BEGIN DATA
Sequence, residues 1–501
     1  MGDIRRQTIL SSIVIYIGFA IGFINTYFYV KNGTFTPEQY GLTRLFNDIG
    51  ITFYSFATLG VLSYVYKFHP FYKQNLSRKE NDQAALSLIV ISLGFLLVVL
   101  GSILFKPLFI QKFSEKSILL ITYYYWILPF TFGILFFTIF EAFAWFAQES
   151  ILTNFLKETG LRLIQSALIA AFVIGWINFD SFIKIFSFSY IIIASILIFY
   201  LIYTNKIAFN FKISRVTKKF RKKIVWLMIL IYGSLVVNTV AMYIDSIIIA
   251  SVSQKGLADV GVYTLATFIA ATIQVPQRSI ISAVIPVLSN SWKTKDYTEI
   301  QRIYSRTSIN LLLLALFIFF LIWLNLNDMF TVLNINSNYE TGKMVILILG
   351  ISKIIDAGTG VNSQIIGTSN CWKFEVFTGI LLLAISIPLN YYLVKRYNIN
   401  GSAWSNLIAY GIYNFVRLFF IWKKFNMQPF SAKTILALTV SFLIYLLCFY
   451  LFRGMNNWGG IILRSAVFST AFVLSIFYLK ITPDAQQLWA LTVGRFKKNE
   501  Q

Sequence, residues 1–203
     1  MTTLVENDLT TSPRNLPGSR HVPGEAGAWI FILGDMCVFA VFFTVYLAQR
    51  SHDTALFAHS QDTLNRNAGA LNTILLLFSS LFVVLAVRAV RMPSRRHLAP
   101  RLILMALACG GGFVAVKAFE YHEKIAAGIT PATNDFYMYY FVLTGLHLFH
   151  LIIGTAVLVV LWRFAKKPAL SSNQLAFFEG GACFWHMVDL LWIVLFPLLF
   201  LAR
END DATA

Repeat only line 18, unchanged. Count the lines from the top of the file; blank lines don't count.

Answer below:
   201  LAR